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In recent years, school choice options have expanded. As of January 2017, charter schools are allowed in 43 states and the District of Columbia have charter schools^. In addition, more than 30 states have programs that provide students with money to attend private schools^ or to be used for homeschooling. These programs may include state-funded school vouchers^, educational savings accounts^, and tax-credit scholarships. A small number of these states have programs specifically for students with disabilities to attend a private school, or a school other than the student’s assigned public school.

It’s important for parents to understand how school choice may affect their child’s rights and access to services. For example, public charter schools, including full-time virtual schools^ and magnet schools^, must follow all federal laws relating to students with disabilities. These schools have to provide special education services to students who need them.

By contrast, only certain parts of the Americans with Disabilities Act (ADA) apply to private schools. Title III of ADA prohibits private schools from discriminating on the basis of a disability and requires private schools to provide reasonable accommodations. But this part of the law does not apply to religious schools, which make up a large percentage of private schools.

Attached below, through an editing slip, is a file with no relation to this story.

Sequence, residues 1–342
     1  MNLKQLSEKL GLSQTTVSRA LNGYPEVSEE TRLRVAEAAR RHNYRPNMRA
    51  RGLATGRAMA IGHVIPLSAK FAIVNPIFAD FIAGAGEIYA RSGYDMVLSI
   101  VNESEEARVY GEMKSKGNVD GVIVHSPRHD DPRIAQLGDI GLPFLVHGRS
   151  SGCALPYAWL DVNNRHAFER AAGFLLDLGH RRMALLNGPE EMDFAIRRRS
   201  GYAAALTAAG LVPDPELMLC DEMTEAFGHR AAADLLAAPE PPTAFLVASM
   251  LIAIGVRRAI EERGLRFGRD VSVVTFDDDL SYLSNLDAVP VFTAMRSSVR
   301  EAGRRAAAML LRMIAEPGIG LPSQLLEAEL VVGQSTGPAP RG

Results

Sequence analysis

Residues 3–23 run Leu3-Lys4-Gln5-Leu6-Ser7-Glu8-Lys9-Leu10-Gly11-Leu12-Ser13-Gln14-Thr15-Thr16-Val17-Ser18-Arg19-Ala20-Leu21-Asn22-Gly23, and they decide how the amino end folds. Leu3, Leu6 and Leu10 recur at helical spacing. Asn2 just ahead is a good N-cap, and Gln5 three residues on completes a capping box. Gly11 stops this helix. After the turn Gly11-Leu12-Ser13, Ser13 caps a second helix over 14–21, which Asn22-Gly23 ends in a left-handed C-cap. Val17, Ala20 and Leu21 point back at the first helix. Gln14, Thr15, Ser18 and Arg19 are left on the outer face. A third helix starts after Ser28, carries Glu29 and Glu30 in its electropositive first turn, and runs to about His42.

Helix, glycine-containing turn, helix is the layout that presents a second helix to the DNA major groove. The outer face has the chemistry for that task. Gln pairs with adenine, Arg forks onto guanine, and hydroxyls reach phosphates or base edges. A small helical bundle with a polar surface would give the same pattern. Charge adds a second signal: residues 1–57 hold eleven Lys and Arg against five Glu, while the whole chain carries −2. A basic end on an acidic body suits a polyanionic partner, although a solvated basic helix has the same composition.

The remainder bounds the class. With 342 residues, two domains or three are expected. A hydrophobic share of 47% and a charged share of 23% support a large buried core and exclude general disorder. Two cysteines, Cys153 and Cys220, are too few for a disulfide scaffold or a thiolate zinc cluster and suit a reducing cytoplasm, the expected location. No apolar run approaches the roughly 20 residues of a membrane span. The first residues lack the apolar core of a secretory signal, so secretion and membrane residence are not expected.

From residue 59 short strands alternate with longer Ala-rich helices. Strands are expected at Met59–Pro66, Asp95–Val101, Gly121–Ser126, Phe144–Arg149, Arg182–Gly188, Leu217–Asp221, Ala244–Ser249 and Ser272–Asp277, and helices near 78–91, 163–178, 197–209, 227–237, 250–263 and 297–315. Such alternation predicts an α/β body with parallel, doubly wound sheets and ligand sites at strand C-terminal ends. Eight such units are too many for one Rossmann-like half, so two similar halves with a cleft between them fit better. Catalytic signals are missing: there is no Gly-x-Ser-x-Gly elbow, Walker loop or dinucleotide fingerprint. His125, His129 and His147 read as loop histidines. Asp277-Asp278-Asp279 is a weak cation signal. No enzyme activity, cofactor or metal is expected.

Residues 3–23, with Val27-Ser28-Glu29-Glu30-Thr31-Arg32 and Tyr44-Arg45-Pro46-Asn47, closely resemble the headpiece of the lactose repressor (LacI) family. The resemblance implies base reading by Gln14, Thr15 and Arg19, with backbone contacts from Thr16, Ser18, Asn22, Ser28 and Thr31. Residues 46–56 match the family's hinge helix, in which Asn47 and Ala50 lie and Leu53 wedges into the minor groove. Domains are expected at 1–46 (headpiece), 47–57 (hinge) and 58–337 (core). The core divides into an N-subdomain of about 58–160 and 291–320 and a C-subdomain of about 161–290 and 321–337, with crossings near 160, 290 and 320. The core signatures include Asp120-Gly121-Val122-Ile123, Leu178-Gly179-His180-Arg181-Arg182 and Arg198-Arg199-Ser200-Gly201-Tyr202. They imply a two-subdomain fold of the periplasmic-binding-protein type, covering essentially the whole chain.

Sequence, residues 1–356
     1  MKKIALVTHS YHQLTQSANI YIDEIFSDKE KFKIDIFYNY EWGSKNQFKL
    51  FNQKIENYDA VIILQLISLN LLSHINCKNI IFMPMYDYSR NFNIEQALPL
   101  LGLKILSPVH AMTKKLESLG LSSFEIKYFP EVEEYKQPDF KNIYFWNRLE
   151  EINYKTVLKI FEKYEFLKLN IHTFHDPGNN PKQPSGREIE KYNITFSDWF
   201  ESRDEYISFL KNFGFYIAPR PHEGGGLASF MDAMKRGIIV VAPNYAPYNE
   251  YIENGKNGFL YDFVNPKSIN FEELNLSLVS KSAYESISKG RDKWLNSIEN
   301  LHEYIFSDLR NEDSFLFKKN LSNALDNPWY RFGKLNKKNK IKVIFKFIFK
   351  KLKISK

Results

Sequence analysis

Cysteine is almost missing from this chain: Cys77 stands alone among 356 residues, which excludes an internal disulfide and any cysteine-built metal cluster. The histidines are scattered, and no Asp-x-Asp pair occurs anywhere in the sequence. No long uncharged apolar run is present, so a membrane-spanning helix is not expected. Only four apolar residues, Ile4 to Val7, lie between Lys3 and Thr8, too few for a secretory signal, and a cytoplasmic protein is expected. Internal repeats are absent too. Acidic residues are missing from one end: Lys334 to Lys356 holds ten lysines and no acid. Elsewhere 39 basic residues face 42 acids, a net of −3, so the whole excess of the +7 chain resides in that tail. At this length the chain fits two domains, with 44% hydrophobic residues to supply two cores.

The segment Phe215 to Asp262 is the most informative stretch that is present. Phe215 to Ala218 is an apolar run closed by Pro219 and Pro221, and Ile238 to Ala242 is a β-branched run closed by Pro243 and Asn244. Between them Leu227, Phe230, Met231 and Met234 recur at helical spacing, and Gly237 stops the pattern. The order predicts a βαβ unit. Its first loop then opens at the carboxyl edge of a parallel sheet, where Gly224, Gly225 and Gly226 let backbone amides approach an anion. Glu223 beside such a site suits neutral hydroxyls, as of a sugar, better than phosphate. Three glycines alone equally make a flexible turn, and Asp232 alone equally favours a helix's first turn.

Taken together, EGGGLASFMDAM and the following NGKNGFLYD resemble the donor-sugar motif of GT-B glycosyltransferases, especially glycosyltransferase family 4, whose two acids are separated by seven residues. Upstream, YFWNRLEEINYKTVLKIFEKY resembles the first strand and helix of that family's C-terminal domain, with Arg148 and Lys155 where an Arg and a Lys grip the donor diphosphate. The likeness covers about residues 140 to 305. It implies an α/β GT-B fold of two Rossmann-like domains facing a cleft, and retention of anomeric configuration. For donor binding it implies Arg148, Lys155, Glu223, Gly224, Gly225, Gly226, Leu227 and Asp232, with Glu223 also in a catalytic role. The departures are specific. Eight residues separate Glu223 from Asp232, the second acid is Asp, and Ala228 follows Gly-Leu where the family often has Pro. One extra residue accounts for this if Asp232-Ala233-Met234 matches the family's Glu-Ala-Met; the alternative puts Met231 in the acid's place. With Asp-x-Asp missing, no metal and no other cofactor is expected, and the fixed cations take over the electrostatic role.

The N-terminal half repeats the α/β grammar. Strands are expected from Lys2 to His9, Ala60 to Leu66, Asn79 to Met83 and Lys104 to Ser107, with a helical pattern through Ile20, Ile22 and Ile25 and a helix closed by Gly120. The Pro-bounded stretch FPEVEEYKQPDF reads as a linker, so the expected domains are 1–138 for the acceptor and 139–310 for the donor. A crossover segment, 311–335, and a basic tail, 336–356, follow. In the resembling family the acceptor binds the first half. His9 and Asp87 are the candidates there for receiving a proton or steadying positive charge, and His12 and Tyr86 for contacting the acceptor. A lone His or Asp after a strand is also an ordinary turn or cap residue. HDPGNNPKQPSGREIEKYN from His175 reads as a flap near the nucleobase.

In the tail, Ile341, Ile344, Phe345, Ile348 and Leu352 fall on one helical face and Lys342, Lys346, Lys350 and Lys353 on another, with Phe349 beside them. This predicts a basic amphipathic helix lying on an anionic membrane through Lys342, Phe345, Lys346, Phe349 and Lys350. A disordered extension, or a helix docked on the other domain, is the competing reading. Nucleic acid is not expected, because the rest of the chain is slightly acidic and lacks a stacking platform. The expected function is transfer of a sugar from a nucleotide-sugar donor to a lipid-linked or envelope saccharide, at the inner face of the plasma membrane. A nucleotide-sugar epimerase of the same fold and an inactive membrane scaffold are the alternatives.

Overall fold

Further, state law varies on whether rights under the Individuals with Disabilities Education Act (IDEA) continue for students in special education who choose to use a voucher and attend a private school. In some states, when parents use voucher funds to enroll their child in a private school, they may waive their due process rights and services that the child is entitled to under IDEA. For example, Florida’s voucher program revokes a student’s IDEA rights, while Arizona’s program makes clear there is no state monitoring of compliance with student rights.15 It’s also important to note that when private schools are unable to meet a student’s need, the student may be sent back to his or her local public school.

Although alternatives to traditional public schools have some potential upsides, the table below explores the challenges that different types of schools may pose for students with learning and attention issues.

Programs: